At MVH, patients like AJ are usually met and cared for by an acute care surgeon, a relatively new type of medical specialist trained in trauma, critical care and emergency surgery. However, other specialists such as neurosurgeons, plastic surgeons, oral surgeons and orthopedic surgeons are paged if needed.
“We are keenly aware of the benefits of coordinated trauma care,” said Denlinger. “It improves the chances for survival and provides better outcomes for patients with traumatic injuries. Time-saving plans like ‘direct-to-operating room’ enable us to provide exceptional trauma care.”
AJ was taken very quickly to the OR, where Mbaga Walusimbi, MD, a Miami Valley Hospital trauma surgeon and clinical assistant professor at WSU Boonshoft School of Medicine, removed his spleen. Dr. Walusimbi also oversaw AJ during his stay in the Intensive Care Unit.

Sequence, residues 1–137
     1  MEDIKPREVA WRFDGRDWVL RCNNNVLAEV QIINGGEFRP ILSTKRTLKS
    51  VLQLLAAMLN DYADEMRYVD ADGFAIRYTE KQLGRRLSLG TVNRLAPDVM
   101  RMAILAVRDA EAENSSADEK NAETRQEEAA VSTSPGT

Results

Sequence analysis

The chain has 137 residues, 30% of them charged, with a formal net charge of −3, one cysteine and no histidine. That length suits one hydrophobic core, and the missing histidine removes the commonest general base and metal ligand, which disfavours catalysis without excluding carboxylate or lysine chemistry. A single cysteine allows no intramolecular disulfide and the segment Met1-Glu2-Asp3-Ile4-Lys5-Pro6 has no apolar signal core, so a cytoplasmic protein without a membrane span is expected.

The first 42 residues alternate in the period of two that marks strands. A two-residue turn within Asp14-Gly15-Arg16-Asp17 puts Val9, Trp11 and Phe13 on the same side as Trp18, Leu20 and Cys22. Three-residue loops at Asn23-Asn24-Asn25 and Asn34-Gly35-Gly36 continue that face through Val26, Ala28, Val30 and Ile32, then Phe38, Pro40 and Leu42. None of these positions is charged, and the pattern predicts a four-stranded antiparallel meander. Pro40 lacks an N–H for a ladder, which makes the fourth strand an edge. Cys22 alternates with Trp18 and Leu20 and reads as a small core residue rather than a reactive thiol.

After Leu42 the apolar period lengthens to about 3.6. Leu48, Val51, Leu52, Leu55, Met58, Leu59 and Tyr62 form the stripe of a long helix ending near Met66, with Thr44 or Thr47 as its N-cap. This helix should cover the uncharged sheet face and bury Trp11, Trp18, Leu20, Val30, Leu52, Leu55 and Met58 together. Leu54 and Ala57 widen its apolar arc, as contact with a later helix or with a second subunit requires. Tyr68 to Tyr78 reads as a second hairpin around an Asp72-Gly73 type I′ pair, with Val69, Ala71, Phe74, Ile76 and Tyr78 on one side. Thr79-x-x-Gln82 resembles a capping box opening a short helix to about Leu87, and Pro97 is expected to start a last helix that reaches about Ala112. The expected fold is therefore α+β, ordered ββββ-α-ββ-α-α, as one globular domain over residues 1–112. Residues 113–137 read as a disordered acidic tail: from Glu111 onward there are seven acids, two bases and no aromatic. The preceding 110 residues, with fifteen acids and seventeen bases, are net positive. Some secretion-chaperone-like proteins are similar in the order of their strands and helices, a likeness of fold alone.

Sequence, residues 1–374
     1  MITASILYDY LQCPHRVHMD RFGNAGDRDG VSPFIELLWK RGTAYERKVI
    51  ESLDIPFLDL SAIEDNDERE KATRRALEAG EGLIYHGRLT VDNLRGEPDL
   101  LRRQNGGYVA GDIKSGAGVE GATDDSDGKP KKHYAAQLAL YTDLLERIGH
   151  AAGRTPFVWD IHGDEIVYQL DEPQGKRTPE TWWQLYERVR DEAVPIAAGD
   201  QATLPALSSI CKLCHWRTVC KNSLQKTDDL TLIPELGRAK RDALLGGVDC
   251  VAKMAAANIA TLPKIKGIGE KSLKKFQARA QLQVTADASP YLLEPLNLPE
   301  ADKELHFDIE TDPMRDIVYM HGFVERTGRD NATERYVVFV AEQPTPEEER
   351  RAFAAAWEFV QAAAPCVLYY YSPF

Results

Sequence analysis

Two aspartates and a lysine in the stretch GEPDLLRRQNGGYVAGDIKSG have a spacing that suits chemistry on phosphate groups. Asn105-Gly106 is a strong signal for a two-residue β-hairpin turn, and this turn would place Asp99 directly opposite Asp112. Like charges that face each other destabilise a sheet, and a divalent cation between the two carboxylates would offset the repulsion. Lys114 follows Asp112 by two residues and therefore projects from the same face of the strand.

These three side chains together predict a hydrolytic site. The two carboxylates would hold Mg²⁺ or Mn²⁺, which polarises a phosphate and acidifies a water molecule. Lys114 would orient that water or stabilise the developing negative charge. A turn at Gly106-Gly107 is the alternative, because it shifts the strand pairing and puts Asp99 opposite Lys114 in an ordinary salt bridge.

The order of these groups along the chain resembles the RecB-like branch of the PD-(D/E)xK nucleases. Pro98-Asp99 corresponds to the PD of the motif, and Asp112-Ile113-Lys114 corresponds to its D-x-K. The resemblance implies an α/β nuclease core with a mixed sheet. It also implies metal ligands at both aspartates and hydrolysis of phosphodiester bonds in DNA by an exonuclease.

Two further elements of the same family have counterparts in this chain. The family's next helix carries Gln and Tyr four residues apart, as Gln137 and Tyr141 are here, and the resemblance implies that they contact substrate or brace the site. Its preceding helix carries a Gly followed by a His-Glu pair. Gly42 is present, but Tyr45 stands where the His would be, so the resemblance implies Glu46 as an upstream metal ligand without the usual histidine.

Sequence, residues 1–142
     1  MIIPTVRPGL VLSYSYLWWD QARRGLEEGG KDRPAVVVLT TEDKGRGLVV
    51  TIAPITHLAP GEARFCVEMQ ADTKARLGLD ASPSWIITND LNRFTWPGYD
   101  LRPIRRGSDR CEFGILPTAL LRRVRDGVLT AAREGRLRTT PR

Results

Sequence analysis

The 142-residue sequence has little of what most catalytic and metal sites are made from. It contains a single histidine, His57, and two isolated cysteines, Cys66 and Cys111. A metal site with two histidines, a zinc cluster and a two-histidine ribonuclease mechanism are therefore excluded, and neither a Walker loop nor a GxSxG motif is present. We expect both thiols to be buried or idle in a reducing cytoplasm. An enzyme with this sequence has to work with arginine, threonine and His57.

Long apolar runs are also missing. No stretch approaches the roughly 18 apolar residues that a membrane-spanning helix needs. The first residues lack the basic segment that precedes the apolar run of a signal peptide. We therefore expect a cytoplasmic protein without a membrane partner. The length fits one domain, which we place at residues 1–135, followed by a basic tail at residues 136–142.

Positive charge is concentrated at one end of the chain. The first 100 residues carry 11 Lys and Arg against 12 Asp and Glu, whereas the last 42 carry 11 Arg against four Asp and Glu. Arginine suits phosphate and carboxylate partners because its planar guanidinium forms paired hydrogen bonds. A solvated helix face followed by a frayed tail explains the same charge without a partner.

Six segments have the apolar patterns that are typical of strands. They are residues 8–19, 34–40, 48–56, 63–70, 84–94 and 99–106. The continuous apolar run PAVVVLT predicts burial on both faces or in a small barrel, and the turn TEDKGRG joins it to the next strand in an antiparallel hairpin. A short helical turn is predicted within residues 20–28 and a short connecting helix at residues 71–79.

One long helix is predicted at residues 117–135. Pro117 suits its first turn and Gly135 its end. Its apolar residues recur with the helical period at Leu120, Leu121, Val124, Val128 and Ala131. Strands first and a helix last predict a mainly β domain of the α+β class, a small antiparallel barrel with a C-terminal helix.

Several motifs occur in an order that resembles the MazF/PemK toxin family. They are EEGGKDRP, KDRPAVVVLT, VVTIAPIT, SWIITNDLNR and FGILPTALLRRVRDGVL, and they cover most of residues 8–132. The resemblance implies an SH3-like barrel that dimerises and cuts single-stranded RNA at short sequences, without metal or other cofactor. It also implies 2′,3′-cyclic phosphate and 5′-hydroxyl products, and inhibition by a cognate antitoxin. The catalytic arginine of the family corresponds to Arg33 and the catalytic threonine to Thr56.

The Concept of a Trauma Center
During his stay at Miami Valley Hospital, AJ underwent seven surgeries. After his initial surgery, he spent a month in the ICU in an induced coma. That was followed by more surgeries and weeks of rehabilitation. All told, AJ spent three months at MVH. “At one point, I had seven central lines inserted in my body plus 27 IVs,” recounts AJ. “I woke up May 28 from my coma, thought it was April 16, and was hoping to get out of the hospital in time for my June 3 high school graduation.”
He didn’t realize that goal, but he did leave the hospital in mid-July. Two years later, he was in good enough shape (make that top shape) to join the U.S. Marines.